2. “God” is not responsible for creation or what his creatures screw up — the “Creator” is. For those of you familiar with Gnosticism, that will make sense. I don’t recall the word “God” being in the film (though I can’t help wondering if it was there at the Big Bang – which would be a Gnostic feature – someone let me know, please). At any rate, in Gnosticism, the Creator of our world is the Demiurge (“The Maker”). He is an evil, callous being and not the “true God.” In this movie, the creator is not loving or merciful. At best he is apathetic. He seems incapable of making a noble moral decision (which describes the Demiurge well). Even the matter of whether humans survive, the movie tells us, is left to one man — Noah. The Creator was incapable of making this basic moral choice, but Noah was – because he has the spark of divinity in him from the “true God” (he is of the line of Seth and has the serpent birthright).

A few more random thoughts:

1. I really liked the Big Bang to life on earth visual sequence. Hugh Ross ought to love it. It’s basically day-age made visual. I don’t hold that view (I don’t hold any of the Christian views, nor am I a materialist), but this was well done. Young-earthers of course are irate over this.

2. The luminescent beings (Adam and Eve) really cannot be called human, and they are not shown evolving from apes, contrary to young earth creationist reviews. The sequence moves up to primates and then Noah says “And then the creator made humanity” (or something like that). There is no transitional formation. Only the sequence allows young-earthers to get distracted from the messaging. The real message is that humanity was divine but visible and terrestrial. A product of the creator, yet also divinity. Not a complete Gnostic retelling, but faithful to one of its core ideas. So instead of people going back to their churches and saying “we need to understand Gnosticism so we can (like Irenaeus) rebut it,” we get people going back and asking if Ken Ham can be scheduled for a creationism seminar.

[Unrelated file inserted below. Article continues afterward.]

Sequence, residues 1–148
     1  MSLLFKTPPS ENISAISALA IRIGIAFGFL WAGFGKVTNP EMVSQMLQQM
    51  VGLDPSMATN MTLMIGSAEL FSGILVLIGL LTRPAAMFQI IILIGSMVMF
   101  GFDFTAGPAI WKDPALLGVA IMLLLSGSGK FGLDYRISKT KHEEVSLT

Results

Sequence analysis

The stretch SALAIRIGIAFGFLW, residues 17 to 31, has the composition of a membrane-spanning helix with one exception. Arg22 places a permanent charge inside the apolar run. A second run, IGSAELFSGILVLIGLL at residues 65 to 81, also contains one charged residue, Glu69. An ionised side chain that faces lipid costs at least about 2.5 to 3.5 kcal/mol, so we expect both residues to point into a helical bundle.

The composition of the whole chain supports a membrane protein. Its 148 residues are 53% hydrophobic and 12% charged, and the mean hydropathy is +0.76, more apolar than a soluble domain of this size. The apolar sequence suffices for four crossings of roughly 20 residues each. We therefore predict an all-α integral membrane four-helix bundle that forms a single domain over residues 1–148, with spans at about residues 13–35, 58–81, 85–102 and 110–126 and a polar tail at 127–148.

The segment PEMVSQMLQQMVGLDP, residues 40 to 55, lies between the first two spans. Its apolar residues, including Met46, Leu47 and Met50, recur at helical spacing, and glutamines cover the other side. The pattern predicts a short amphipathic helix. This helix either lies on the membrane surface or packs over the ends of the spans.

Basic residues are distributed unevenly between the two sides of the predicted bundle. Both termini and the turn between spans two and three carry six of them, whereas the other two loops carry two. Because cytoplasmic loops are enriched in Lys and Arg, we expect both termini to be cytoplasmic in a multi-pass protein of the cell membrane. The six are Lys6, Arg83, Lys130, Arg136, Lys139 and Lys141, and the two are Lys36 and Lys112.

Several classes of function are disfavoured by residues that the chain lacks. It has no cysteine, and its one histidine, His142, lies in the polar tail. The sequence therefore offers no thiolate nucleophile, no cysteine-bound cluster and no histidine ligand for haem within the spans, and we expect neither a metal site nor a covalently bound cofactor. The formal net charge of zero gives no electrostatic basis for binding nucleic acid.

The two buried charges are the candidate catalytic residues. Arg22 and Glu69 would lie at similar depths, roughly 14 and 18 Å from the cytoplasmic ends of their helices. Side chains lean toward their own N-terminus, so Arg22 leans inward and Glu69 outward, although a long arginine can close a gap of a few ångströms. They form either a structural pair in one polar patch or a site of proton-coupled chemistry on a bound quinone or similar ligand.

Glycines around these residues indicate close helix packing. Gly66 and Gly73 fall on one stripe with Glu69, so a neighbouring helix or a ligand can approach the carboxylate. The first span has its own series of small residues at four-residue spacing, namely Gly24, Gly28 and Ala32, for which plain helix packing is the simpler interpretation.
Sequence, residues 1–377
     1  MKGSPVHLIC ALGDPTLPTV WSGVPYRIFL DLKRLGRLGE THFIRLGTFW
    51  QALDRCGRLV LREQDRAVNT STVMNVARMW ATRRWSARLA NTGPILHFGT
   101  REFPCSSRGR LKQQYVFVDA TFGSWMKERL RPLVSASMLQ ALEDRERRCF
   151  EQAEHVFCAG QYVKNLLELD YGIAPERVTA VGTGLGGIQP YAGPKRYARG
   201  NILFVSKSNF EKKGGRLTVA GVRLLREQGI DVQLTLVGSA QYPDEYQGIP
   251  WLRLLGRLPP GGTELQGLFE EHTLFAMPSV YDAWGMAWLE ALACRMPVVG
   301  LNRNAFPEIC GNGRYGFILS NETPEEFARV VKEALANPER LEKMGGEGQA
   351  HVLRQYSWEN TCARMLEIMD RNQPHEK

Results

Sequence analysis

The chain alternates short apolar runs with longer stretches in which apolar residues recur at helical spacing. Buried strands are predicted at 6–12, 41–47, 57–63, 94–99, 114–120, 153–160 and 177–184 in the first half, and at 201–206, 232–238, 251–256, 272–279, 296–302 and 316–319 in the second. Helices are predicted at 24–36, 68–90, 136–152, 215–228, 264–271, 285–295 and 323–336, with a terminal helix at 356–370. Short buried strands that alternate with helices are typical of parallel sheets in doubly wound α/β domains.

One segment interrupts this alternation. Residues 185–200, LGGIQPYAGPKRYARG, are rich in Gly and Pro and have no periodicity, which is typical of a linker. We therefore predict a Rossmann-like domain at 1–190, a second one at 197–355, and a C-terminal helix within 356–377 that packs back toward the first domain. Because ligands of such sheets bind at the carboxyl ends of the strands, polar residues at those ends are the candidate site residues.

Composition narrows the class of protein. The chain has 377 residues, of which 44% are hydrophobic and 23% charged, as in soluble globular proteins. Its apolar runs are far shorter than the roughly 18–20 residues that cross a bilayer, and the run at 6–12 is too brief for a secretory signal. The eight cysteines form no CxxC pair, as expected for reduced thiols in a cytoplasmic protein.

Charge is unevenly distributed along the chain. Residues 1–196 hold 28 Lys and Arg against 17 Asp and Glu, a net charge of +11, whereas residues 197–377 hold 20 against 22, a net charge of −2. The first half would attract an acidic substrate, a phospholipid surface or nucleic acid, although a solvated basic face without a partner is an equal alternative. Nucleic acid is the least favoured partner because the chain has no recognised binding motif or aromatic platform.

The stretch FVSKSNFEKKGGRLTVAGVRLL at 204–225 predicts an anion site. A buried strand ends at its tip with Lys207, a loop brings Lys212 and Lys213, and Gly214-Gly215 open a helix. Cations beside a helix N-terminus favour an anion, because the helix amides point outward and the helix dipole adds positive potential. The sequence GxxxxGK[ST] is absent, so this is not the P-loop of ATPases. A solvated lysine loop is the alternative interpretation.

3. Yes, its annoying that Methuselah, Noah, and Noah’s wife seem to be trained magicians and alchemists. This is pervasive throughout the film. (Why can’t they just start a fire the way Bear Grylls would – why the “zohar” sparky stuff that looks like fool’s gold?) I kept waiting for Emma Watson (Shem’s wife) to slip with her lines and call Methuselah Dumbledore. I’m betting it’s in the out-takes. If Aronofsky had wanted to pay attention to the Enochian version of events, he could have had the Watchers teaching that stuff, but there isn’t a clear connection there.

4. Yes, the Watchers are dorky. As Pete Enns said on Twitter (we chatted about the film before I saw it), they are a mixture of rock monsters and Ents. But honestly, they are more morally consistent in the film (good guys) than Noah. They come across as pitiable and sad. You root for them. They aren’t the villains of 1 Enoch, mind you, though they bear the familiar names. Aronofsky erased all the villainy (not to mention most of what 1 Enoch says). That isn’t to say their inclusion isn’t a theological inversion. It is. It’s also disappointing. What about 1 Enoch wouldn’t have made great movie fodder in its own right?

5. All that stuff about environmental wackiness driving the film? Yeah, that’s true. In perhaps the only place where Aronofsky is careful to quote the biblical text (Gen 1:28) the dominion mandate is cast as pure cruelty — not a hint of its actual stewardship intent. Oops … sorry for that spasm of biblical theology on my part.

In short, don’t expect to find anything in the film uplifting. Noah’s “turn” at the end toward sparing life is clumsy and contrived (and of course it originates within him – Oprah could have made a cameo there). It’s visually spectacular, but that just means it’s one of those films where the director will get credit for the creativity that deserves to go to the special effects / CGI people.